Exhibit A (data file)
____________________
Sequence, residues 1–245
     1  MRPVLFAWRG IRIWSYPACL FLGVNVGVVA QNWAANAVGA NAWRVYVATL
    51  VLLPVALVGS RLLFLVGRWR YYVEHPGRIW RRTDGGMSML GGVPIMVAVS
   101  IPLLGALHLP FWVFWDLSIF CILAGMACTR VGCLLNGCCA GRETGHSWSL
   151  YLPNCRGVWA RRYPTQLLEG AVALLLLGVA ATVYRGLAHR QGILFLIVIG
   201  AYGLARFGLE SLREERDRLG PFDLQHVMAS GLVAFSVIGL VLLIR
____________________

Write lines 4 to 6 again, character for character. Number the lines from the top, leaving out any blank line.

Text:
   101  IPLLGALHLP FWVFWDLSIF CILAGMACTR VGCLLNGCCA GRETGHSWSL
   151  YLPNCRGVWA RRYPTQLLEG AVALLLLGVA ATVYRGLAHR QGILFLIVIG
   201  AYGLARFGLE SLREERDRLG PFDLQHVMAS GLVAFSVIGL VLLIR